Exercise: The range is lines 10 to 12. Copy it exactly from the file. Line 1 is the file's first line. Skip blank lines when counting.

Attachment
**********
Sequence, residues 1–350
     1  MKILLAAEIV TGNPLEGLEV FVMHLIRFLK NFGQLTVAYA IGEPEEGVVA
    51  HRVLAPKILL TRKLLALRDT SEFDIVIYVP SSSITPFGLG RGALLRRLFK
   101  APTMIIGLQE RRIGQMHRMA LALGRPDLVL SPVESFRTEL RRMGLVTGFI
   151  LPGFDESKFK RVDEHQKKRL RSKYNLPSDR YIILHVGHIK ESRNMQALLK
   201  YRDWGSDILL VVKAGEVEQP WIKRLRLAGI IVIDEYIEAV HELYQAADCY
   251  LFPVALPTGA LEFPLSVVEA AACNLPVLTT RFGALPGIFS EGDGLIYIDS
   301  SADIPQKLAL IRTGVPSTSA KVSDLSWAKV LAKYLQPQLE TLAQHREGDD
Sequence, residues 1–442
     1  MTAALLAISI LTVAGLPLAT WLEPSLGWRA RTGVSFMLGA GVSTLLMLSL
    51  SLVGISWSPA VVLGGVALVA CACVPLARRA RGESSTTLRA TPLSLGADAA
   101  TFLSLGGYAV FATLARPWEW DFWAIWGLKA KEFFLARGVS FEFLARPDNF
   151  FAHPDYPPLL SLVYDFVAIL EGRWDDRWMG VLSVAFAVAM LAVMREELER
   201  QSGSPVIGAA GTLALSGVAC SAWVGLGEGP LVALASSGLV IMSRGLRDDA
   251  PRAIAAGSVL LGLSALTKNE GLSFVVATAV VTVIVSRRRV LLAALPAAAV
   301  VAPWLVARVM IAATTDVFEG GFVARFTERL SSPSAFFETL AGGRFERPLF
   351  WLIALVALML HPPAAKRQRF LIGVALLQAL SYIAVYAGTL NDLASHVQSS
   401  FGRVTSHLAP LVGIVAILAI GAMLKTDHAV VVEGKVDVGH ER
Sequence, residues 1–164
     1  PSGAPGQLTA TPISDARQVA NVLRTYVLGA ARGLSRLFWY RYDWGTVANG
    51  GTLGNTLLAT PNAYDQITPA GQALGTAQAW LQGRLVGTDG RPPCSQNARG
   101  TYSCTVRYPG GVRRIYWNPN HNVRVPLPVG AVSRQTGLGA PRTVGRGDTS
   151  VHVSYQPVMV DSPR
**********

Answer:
     1  MTAALLAISI LTVAGLPLAT WLEPSLGWRA RTGVSFMLGA GVSTLLMLSL
    51  SLVGISWSPA VVLGGVALVA CACVPLARRA RGESSTTLRA TPLSLGADAA
   101  TFLSLGGYAV FATLARPWEW DFWAIWGLKA KEFFLARGVS FEFLARPDNF